09 May 2012

Giant clams at Terumbu Semakau

A glorious sunrise explodes despite the dark clouds as we land on Terumbu Semakau to rescue more giant clams for Mei Lin's project.
We found clams! Also snake, 'Nemos' and lots of healthy corals on this submerged reef right next to Semakau Landfill!


We approach Terumbu Semakau as the sun rose under dark clouds. This submerged reef is just beyond Pulau Jong (the little 'char siew pau' shaped island on the horizon), and very close to the Semakau Landfill (the Transfer Station is to the right). The city on the skyline is less than half an hour away!

On the other side of this amazing submerged reef are the refineries on Pulau Bukom!
Terumbu Semakau is very close to the original Pulau Semakau which has mangroves, reefs and seagrass meadows. Rain brings rainbows! I joked that our Giant clam is probably at the end of that rainbow. And it turned out, that is about where we found it!
Here's a map of Terumbu Semakau.

I'm delighted to see that the corals on the edge facing Pulau Semakau are nice and healthy. I only saw one slightly bleaching hard coral.
This is what I saw during the mass coral bleaching event in June 2010.
Coral bleaching on Terumbu Semakau
It's nice to see so many healthy corals crowded next to one another on this reef edge.
And they are all very colourful and not bleaching.
Here's more glimpses of the crowded corals on this shore.
I also saw a cluster of several Tongue mushrooom corals (Herpolitha sp.).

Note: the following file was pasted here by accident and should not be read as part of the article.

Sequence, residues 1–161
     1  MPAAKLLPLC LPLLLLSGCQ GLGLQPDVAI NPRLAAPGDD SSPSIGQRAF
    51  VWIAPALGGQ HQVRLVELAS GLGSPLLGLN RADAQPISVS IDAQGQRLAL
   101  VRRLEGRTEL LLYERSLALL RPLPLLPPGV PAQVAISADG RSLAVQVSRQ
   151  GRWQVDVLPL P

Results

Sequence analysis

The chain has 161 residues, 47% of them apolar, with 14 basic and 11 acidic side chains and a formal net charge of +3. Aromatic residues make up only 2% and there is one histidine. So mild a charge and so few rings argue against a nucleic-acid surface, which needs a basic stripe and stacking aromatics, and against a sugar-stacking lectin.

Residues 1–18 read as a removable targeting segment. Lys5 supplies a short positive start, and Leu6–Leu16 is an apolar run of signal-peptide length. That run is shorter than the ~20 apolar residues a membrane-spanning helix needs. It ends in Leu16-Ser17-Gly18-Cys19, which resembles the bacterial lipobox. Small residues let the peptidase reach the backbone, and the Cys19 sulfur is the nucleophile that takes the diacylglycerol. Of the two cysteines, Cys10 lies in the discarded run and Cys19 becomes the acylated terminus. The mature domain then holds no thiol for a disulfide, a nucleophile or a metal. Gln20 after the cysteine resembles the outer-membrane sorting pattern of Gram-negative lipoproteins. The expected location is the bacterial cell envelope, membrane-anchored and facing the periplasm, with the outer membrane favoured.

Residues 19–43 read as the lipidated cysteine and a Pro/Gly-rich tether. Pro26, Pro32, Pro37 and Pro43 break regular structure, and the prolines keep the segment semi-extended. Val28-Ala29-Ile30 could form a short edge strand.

There are many species of hard corals on this shore, including many well grown specimens of some of the less commonly seen corals. I didn't really focus on hard corals today because the job was to find giant clams!
The only bleaching animals I saw were several Asparagus soft coral (Family Nephtheidae) that were rather pale. On the right is the usual purplish colour, on the left, not so good. I didn't see any bleaching Leathery soft corals. I'm rather nervous as we approach the summer season. Kareen tells me there are already reports of coral bleaching in the Philippines. More about coral bleaching on Bleach Watch Singapore.
We love going on our adventures with Alex of Summit Marine. He really looks out for us, literally. The crew made a surprise stop in the middle of our trip, to bring Kareen an umbrella. They must have noticed that she didn't have one and it had been drizzling for some time! We are so touched by their concern.
So now, Kareen is nice and dry as we survey this amazing shore!
Aha, a Fluted giant clam (Tridacna squamosa)! But it was tiny! About 10cm long. Much too small to be involved in breeding. So we leave it behind to grow up.
Finally, I saw a large Giant clam! See how close it is to the Semakau Landfill! The white wavy lips give it away at low tide. During high tide, its fleshy 'lips' inflate so that the clam can feed off sunshine. Like many hard corals, Giant clams harbour symbiotic algae (xoozanthellae) which undergo photosynthesis and shares the food produced with the animal.
Kareen takes a photo of the clam with the scissors for scale. She uses the scissors to gently and carefully cut the byssus threads which the clam secretes to stick onto a hard surface. This doesn't harm the clam at all if done by properly.